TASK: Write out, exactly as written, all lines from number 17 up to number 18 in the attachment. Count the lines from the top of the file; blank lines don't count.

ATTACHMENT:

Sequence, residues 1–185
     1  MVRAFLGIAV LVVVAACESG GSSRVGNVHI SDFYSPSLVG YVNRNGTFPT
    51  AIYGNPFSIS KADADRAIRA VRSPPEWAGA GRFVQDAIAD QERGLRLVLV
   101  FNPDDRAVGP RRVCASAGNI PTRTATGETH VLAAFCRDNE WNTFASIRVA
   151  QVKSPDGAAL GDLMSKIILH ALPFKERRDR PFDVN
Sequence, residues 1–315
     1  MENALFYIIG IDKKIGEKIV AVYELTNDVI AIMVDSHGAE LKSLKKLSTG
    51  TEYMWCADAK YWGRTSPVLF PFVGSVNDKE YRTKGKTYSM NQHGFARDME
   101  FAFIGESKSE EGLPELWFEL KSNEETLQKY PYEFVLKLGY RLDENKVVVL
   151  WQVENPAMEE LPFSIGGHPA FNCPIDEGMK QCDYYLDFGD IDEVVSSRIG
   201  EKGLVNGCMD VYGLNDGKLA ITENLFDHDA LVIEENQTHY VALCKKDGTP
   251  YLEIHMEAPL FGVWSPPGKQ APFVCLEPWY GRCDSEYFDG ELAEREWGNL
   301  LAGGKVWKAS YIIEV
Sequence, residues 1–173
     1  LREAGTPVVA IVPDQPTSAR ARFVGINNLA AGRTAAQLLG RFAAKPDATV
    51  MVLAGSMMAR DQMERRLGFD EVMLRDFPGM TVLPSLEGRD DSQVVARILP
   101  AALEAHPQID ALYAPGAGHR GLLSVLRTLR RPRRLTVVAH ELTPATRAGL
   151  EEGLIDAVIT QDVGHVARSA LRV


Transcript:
   101  AALEAHPQID ALYAPGAGHR GLLSVLRTLR RPRRLTVVAH ELTPATRAGL
   151  EEGLIDAVIT QDVGHVARSA LRV